Target: Riding High on the Power of 'And'

'Guests turn to Target because of our stores and our digital options, not one vs. the other,' CEO Cornell says
Target CEO Brian Cornell with team members, holidays 2019
Photograph courtesy of Target

"Astounding," "remarkable" and "dominant" were among the superlatives Target executives used in describing what was, by any measure, an exceedingly strong first quarter for the Minneapolis-based retailer. 

Target's comp-store sales were up 22.9% in the first fiscal quarter that ended May 1, and operating income was up 407% to $2.4 billion.

In addition, the company realized more than $1 billion in market-share gain during the first quarter. Target Chairman and CEO Brian Cornell said in the company's earnings call that the gain demonstrates "how relevant guests find our shopping experience." 

That relevance, Cornell and Target Chief Growth Officer Christina Hennington said, derives from Target's focus on "and"—on being a trusted option for customers when convenience is paramount, via the company's same-day pickup and delivery options, and by providing an in-store experience that customers want to return to

"Guests turn to Target because of our stores and our digital options, not one vs. the other," Cornell said.

Harrington echoed the sentiment. "We can welcome [guests] back into our stores and continue to serve them with the same-day services they’ve tried and continue to love," she said. 

While Target has seen "an enthusiastic return to in-store shopping," Cornell said, with higher traffic accounting for the vast majority of the company's 18% growth in store comp sales, online sales more than held their own in the quarter: Digital comp sales were up 50%.

Same-day services—in-store pickup, Drive Up and delivery via Shipt—grew more than 90%, with Drive Up continuing to lead the same-day way for Target, climbing 123% for the quarter after expanding 600% in the first quarter of 2020 and 500% in the second half of the year.

"We expect those services to be very sticky over time," Cornell said, especially ahead of holiday celebrations and seasonal events (e.g., back to school) where consumers need to get in-demand items quickly and may seek to avoid in-store crowds. 

Both Target and Walmart, which also reported better-than-expected quarterly earnings this week, are expecting to see big customer spending around holidays in the second half of the year, with excitement about a return to in-person gatherings—whether 4th of July barbecues or Halloween parties—spurring higher sales following 2020's subdued celebrations.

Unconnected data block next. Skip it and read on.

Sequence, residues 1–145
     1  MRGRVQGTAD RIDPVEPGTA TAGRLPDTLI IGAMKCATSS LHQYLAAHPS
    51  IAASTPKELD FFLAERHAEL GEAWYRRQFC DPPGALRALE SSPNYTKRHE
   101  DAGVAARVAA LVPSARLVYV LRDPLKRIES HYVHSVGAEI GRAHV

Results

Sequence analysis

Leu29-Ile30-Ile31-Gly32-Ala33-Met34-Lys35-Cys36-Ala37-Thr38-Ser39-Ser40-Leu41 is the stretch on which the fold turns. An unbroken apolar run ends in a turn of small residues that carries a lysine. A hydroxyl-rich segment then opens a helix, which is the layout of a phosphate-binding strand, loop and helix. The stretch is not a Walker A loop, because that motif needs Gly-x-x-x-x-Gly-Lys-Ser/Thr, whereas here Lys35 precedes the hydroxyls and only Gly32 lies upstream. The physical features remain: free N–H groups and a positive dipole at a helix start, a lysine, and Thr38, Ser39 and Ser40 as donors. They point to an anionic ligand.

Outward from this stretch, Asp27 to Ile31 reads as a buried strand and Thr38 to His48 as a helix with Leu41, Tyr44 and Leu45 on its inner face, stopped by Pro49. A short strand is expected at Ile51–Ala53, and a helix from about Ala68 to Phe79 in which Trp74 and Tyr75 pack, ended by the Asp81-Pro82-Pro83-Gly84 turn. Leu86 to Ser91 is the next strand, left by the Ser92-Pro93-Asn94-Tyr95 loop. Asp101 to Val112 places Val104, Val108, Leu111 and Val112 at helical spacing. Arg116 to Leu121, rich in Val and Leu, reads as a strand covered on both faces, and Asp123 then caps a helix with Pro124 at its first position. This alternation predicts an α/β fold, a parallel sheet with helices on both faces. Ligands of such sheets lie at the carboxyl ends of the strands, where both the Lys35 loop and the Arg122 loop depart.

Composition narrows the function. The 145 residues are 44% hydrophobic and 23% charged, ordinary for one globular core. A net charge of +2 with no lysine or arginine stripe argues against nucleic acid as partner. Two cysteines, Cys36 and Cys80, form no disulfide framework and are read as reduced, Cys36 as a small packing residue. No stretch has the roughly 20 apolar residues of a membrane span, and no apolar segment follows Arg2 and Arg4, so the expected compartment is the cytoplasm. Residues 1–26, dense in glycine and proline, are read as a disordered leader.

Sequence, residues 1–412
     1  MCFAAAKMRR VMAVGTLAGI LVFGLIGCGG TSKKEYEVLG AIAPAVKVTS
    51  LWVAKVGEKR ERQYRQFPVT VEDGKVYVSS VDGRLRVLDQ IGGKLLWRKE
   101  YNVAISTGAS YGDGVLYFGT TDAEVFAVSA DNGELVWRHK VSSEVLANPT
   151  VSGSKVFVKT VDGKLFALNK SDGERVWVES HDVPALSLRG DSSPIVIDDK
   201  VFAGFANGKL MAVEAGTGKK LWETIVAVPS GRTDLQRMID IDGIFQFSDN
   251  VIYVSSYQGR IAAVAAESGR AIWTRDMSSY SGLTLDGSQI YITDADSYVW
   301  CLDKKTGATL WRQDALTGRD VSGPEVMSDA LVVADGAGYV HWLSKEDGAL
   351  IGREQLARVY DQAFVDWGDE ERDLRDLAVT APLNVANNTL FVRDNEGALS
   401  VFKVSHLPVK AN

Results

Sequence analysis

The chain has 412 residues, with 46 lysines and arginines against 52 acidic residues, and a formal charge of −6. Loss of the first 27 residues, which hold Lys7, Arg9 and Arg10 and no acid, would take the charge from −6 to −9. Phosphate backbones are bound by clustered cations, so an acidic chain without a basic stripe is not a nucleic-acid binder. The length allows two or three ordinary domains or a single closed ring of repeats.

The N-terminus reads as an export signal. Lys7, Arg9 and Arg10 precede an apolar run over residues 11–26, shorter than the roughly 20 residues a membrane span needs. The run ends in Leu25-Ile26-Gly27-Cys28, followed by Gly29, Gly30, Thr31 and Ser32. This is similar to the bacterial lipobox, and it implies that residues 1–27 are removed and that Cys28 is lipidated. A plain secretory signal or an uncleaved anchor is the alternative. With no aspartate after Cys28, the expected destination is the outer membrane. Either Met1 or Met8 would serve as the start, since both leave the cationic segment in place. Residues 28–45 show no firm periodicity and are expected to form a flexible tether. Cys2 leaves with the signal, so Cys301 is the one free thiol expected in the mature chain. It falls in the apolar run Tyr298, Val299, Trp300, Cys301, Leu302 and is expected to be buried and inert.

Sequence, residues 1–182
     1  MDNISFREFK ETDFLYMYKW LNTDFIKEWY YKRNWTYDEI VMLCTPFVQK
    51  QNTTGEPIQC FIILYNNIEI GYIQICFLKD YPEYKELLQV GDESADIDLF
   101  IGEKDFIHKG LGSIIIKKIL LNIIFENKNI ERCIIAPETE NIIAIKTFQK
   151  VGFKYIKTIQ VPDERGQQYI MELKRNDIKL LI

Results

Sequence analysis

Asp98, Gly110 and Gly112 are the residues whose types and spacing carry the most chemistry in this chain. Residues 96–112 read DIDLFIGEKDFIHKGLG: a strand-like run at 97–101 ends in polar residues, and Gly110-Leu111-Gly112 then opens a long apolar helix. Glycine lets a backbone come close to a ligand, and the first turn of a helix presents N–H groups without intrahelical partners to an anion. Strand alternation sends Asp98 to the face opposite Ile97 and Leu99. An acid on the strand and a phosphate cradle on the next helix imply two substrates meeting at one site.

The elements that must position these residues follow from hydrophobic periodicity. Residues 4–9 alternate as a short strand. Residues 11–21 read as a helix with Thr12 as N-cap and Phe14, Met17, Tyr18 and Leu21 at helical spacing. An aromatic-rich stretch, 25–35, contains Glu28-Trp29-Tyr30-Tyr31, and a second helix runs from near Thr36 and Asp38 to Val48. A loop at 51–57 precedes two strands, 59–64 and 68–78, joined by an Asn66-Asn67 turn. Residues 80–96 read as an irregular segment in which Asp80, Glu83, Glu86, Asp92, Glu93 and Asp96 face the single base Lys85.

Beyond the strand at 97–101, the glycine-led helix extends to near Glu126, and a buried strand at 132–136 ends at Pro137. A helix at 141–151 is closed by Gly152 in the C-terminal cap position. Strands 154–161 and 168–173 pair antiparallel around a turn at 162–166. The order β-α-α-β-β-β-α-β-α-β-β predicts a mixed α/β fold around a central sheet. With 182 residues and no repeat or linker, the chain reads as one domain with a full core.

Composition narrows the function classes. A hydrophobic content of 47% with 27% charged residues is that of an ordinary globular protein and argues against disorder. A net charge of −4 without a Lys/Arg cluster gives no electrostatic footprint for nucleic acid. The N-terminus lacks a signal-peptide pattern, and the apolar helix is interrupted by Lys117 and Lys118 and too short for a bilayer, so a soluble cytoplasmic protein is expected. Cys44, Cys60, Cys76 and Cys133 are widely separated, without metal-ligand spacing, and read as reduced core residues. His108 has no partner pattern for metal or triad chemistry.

Happier holidays could provide further lift to Target's growing  roster of private-label brands, which saw sales climb approximately 36% in the first fiscal quarter. Target's own brands are "not something [guests] pick up while they shop at Target; they’re a big reason why they shop at Target," Harrington said.

Whether customers are shopping online or in-store on a given day, continuing to deliver a satisfactory guest experience will hinge in no small part on investments the company is making in team-member training and operational efficiency, Target executives said. 

"There's no doubt we have the best team in retail," Chief Operating Officer John Mulligan said. New training for team members focuses on "consistency of store interactions" and enabling team members to better answer questions and solve problems for guests in the moment, he said. In addition, to enhance the Drive Up experience for guests and the team members tasked with running orders out to cars, some stores are adding more refrigerators and freezers at the front end of the store (not customer-facing) and moving or expanding designated Drive Up parking areas.

Ensuring that team members feel safe, engaged and invested in yields its own dividends, Mulligan said.

"Our thought has always been that the best way to staff our stores and our supply chain is to limit turnover," Mulligan said in a Q&A. Amid investment in wages (Target boosted its starting wage to $15 an hour in July 2020), benefits and training, turnover is down significantly from 2019, he reported.

"And as turnover decreases, you get so many benefits, right?" he added. "We get team members that know their jobs. We get team members that know their guests that are in their stores because they're in there weekly. They can engage with them. And this kind of gets to the service model where the idea is to engage with our guests, make them feel welcomed."

"The first quarter felt like a first step toward a post-pandemic world," Cornell said. And with guests flocking back to stores, company leadership indicated, the challenge now is to deliver an even better Target run than they remembered.



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